Bath County sheriff compares Michael Brown search to previous, high-profile manhunt

Sheriff Robert Plecker gave his takeaways from the Beacher Hackney case and how they may apply to the hunt for Brown

BATH COUNTY, Va. – The search continued Tuesday for fugitive Michael Brown, and, for perspective, 10 News turned to Bath County Sheriff Robert Plecker, whose department dealt with a high-profile search of its own a decade ago.

Plecker made comparisons between the manhunt for Beacher Hackney and the search for Brown.

The case was considered cold for years and was featured on “America’s Most Wanted” on Oct. 10, 2009.

The rural beauty of Bath County was shaken in March 2009 when investigators said 59-year-old Beacher Hackney shot and killed two of his bosses at the Homestead Resort before disappearing into the night, sparking a nationwide search.

Plecker was a deputy then.

“I feel for Franklin County, and Roanoke city and county,” Plecker said.

He still thinks about the toll the search for Hackney took on his department.

“We actually did a lot of building searches, door to door, all night, through the day, aerial searches with the helicopters, cadaver dogs. We spent a lot of money, a lot of man-hours in that search,” he said.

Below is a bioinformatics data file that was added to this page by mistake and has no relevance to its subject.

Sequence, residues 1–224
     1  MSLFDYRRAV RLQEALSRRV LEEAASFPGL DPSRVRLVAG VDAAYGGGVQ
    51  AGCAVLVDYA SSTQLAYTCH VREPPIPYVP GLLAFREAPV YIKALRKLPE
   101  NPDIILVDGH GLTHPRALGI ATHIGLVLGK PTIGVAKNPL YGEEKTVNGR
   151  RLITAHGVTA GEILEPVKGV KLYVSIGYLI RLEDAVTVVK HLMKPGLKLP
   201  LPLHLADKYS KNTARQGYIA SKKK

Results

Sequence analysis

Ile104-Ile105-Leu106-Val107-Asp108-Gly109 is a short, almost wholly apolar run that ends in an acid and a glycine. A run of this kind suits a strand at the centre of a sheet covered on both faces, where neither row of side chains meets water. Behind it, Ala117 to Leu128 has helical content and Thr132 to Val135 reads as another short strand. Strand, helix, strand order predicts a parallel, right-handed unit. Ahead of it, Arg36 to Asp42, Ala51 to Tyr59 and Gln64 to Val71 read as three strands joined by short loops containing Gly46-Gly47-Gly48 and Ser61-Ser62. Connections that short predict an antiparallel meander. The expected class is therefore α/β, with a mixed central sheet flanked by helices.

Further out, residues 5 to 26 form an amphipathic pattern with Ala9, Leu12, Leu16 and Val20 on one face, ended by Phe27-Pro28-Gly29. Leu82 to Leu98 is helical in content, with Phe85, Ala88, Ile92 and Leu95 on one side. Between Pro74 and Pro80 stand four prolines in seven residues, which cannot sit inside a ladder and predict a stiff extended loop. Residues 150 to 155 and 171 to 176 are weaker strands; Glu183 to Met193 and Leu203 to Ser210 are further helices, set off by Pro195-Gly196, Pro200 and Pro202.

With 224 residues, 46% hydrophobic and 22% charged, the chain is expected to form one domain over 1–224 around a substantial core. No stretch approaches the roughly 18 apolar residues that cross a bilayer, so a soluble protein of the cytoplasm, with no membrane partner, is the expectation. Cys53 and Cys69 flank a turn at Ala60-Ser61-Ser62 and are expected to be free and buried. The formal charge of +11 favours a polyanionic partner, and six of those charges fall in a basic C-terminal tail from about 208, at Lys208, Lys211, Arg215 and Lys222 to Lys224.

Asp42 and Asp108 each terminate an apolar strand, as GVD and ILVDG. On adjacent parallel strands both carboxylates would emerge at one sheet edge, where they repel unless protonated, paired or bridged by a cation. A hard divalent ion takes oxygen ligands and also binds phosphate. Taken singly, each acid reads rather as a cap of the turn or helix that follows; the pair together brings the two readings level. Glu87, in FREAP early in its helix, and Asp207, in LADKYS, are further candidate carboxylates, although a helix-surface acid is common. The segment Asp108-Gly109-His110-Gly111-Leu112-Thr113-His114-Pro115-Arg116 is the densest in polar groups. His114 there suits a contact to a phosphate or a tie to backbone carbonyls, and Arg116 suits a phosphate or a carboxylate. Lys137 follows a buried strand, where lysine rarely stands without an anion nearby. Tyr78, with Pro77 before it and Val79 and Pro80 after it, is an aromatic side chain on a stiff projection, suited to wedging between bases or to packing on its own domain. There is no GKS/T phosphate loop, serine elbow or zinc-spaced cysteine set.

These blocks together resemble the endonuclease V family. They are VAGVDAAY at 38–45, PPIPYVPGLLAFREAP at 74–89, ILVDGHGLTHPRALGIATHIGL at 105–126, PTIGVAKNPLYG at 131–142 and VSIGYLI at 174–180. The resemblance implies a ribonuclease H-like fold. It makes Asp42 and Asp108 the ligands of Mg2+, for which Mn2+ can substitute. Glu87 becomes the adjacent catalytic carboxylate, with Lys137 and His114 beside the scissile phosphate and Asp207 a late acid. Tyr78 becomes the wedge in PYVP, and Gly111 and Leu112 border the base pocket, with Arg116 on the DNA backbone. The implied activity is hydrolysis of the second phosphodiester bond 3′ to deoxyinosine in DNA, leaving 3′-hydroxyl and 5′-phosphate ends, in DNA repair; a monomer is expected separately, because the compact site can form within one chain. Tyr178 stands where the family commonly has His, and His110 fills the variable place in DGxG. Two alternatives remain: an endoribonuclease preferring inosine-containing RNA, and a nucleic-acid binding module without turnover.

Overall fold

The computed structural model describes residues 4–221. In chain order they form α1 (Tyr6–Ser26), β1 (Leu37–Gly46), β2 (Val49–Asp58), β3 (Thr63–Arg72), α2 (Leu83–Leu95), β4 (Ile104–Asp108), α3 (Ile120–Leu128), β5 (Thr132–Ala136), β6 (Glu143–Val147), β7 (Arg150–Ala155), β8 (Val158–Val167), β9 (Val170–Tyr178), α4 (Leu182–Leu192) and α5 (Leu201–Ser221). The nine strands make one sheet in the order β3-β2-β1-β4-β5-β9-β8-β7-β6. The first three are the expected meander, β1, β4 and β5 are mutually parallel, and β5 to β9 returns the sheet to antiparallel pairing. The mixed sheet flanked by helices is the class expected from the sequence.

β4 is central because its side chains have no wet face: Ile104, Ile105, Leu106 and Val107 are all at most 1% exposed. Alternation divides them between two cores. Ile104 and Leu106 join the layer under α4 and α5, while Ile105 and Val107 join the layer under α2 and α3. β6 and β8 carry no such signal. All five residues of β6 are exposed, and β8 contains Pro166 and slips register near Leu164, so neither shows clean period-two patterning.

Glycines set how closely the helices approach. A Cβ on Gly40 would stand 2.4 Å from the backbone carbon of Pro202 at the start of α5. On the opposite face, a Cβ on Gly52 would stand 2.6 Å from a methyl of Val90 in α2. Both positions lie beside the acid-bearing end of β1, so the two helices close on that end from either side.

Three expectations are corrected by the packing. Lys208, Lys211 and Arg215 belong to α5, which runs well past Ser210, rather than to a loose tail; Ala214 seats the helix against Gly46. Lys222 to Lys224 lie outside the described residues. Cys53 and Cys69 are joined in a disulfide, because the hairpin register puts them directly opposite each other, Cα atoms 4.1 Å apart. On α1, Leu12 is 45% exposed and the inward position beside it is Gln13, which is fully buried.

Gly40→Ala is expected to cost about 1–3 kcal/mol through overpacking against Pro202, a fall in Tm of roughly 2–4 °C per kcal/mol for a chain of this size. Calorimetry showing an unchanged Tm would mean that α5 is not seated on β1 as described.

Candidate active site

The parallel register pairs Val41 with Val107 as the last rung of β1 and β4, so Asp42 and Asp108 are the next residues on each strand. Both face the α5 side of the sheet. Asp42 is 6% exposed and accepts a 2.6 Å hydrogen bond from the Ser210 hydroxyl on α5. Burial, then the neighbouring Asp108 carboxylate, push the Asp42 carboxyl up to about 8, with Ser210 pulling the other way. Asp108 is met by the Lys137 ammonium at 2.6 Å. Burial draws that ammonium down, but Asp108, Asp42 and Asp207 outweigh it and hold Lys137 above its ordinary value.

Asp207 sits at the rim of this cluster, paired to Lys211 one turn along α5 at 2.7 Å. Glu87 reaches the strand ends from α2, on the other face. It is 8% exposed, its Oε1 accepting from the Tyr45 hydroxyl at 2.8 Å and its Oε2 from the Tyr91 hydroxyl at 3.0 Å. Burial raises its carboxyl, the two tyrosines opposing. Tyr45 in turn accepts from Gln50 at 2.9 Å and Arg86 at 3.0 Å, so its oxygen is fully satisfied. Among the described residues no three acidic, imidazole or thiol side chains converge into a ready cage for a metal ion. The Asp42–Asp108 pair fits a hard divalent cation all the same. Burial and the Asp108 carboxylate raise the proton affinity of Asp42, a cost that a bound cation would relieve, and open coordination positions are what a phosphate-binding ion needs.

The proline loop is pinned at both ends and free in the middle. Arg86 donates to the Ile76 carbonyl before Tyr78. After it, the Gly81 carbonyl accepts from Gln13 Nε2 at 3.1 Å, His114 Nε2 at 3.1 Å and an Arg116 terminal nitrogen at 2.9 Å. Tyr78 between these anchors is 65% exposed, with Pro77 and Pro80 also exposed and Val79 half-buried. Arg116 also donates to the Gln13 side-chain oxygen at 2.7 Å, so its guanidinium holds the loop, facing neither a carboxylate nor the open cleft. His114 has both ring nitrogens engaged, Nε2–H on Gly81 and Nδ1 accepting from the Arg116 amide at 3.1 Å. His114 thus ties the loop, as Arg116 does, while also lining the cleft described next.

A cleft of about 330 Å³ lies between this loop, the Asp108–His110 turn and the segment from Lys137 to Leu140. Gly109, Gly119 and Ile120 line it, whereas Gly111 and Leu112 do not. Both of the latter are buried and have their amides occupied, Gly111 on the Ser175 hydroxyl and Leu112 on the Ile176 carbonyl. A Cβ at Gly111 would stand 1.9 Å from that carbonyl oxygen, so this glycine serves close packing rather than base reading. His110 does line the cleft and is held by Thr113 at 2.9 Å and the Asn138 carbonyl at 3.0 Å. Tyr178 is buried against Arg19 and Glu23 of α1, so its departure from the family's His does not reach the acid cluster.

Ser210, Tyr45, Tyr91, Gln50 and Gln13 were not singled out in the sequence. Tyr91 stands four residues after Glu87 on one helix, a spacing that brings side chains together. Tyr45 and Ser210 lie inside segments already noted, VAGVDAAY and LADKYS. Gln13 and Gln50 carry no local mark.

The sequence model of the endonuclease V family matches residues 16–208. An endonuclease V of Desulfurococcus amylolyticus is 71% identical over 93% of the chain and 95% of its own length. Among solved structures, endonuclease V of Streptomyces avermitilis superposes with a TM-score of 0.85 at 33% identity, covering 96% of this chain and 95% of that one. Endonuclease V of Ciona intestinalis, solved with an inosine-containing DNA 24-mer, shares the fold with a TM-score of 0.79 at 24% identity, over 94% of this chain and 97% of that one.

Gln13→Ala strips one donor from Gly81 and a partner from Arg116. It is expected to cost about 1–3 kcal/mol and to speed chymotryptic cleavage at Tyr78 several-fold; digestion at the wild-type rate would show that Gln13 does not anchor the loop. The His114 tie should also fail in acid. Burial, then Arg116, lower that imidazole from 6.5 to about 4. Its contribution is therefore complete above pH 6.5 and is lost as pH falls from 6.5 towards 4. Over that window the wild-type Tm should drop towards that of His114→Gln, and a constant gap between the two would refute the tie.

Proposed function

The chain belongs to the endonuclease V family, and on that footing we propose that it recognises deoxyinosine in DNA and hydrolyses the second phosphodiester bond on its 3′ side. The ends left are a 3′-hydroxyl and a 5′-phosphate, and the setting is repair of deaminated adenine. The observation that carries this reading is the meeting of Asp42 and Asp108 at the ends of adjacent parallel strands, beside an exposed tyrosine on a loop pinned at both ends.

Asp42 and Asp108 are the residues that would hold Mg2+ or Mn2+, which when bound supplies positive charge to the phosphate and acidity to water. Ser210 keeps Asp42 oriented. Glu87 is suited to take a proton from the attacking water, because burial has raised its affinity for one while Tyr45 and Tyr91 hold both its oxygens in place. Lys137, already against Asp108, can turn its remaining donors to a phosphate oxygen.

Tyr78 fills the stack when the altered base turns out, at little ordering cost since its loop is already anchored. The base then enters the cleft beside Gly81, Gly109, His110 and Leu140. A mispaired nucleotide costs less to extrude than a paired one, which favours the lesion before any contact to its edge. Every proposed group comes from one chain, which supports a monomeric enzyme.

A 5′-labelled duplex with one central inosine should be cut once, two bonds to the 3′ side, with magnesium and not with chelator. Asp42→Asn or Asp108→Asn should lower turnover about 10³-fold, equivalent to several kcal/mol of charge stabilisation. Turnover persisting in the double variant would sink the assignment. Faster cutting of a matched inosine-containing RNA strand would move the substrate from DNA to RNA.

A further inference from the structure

Locally, deputies mostly focused their search on a 500-yard perimeter around the resort, following an FBI profile. The choices they made show how difficult it is to guess where fugitives might be, Plecker said.

During the search, investigators said Hackney had help from family or friends; however, they later learned that he didn’t.

They took in every tip, asking for help in other states.

At one point, the sheriff at the time, Larry Norfleet, said he didn’t think the fugitive was in Bath County.

They later learned that he was.

In 2012, three-and-a-half years after the murders, hunters found Hackney’s remains about 8 miles from the resort.

“Could we have broadened our search? Probably,” Plecker said. “We just didn’t know, but hindsight now, if I was doing it again we would go out way out, way out.”

In both cases, there’s the belief that these men have been able to survive alone in the woods.

“I don’t believe that,” Plecker said. “You might live for a while but when it’s 0 degrees and you start getting hungry and you’re tired, you’re going to go somewhere.”

Plecker said all the departments involved in the search for Brown need to stay strong.

“I know what these agencies are going through now, doing that. The takeaway is, don’t quit. Exhaust every avenue you got -- friends, family, locations that he was known to be at,” he said. “Don’t give up. I know you’re not. You’ll get him.”

He believes a reward can be helpful. There’s one for $10,000 for help finding Brown.